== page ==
Reproductive Manipulations on Parasitoids
Transmitted through the reproductive systems of insects, crustaceans, mites and nematode worms, the Wolbachia is endocellular bacteria whose interactions between the host and itself are far from mutualistic (Hurst & Randerson 2002:44). The bacteria are unable to be transmitted through sperm so they invade the cytoplasm of eggs in female hosts to be capable of increasing their numbers. The Wolbachia have a variety of reproductive manipulations that enable successful transmission such as feminization, male killing, parthenogenesis and also cytoplasmic incompatibility. Owing to these extreme host manipulations the Wolbachia are possibly initiating reproductive isolation in host invertebrates and massively distorting sex ratios for their own advantage (Hurst & Randerson 2002:44; Werren 1997: 1).
Reproductive Manipulations of Host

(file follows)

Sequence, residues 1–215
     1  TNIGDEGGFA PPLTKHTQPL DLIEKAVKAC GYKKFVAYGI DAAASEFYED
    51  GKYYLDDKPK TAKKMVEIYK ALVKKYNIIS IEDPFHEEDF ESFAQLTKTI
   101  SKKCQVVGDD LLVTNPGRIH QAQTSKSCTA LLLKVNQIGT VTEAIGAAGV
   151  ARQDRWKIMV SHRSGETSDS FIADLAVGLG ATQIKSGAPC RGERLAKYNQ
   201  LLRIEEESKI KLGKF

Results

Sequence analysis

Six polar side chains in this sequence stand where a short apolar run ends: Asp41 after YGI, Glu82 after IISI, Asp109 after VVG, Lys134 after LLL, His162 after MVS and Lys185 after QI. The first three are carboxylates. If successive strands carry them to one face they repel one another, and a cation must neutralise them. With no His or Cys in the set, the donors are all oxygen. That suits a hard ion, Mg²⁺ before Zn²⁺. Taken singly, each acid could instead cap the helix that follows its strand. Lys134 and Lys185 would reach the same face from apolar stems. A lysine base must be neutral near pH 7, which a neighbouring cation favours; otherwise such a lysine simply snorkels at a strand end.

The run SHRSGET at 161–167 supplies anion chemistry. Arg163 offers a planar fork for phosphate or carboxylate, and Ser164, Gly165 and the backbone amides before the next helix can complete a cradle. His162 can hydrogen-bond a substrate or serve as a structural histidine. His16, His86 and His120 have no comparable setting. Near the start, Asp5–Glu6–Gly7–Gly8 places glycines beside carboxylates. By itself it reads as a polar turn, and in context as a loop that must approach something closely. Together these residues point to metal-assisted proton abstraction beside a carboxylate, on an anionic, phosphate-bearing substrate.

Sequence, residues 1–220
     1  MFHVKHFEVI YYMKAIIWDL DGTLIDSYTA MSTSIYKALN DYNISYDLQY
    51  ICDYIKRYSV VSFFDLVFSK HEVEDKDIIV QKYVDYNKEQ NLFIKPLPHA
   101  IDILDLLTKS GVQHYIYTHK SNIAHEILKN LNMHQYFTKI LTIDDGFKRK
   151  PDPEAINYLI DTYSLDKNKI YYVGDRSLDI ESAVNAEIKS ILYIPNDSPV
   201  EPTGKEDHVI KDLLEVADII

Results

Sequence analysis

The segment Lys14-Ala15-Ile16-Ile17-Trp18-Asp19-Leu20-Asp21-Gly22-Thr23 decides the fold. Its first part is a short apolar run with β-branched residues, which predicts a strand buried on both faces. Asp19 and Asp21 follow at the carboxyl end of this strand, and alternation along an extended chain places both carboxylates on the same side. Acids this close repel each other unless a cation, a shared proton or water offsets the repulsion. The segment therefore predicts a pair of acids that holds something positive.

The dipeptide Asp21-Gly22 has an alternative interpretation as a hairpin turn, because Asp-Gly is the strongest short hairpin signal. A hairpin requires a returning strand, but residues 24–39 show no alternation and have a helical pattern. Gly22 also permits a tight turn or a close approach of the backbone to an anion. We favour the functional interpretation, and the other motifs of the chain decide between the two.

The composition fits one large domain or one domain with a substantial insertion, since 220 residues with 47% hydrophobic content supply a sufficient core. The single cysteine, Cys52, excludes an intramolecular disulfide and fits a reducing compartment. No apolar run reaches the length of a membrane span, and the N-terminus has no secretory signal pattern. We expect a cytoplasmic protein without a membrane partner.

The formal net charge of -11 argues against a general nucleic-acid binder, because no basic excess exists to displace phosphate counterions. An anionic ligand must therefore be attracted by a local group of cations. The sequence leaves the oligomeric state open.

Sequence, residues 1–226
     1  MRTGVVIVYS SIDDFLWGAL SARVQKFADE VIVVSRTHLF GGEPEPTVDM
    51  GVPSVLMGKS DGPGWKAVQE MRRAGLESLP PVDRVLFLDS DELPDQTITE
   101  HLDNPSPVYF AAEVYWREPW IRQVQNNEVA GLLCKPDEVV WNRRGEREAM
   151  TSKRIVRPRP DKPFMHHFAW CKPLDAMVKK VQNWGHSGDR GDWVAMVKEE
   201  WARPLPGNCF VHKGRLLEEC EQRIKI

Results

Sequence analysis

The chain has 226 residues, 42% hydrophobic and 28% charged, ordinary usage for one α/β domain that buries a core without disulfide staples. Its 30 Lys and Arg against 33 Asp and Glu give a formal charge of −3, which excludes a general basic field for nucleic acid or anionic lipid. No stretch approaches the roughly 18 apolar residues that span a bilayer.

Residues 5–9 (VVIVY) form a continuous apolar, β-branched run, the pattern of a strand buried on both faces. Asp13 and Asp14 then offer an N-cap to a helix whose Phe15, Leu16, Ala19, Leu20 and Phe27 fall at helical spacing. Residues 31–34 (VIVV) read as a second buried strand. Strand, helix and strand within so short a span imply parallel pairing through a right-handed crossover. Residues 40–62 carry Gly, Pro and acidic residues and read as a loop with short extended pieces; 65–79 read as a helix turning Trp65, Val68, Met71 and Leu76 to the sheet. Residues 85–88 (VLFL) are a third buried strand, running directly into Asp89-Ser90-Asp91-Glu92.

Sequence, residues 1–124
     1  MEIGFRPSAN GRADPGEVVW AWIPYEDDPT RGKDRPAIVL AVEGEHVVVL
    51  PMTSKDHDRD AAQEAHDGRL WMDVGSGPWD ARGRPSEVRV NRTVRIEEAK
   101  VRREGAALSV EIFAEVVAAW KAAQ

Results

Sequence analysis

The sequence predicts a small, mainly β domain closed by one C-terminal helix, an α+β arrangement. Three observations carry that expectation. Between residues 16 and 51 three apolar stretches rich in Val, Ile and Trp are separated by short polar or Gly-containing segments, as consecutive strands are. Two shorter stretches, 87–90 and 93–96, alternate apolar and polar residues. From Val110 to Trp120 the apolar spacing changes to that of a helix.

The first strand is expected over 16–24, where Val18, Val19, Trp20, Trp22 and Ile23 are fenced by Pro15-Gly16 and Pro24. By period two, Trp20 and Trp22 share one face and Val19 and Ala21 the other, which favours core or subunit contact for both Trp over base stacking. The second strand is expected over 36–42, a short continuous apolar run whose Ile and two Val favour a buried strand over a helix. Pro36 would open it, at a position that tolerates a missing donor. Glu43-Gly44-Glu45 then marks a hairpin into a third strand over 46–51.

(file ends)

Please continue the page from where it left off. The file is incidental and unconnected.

Wolbachia are able to manipulate the reproduction mechanisms of its hosts by provoking male killing, feminization, parthenogenesis and also cytoplasmic incompatibility (Hurst & Randerson 2002:44). As mentioned earlier Wolbachia are unable to be transmitted via sperm and as a result female hosts are of crucial importance to the parasite.
Male Killing: In some groups of African Butterfly Acraea encedon, the widespread pill bug Armidillidium vulgare and the common two-spot ladybug Adilia bipunctata the Wolbachia eradicate unhatched male hosts in a population, known as male killing as they have no chance of being transmitted through sperm. This benefits the survival of sibling female hosts as they are no longer in competition with brothers for food and sibling cannibalism and reduces the incidence mutations from inbreeding. By killing males hosts the Wolbachia are able to increase female numbers in a population, thus improving their chances of being transmitted (Hurst & Randerson 2002:44; Schulenburg et al. 2002:1).
Feminisation: Another reproductive method the Wolbachia bacteria employ is that they are able to convert genetic males of a population such as pill bugs and the...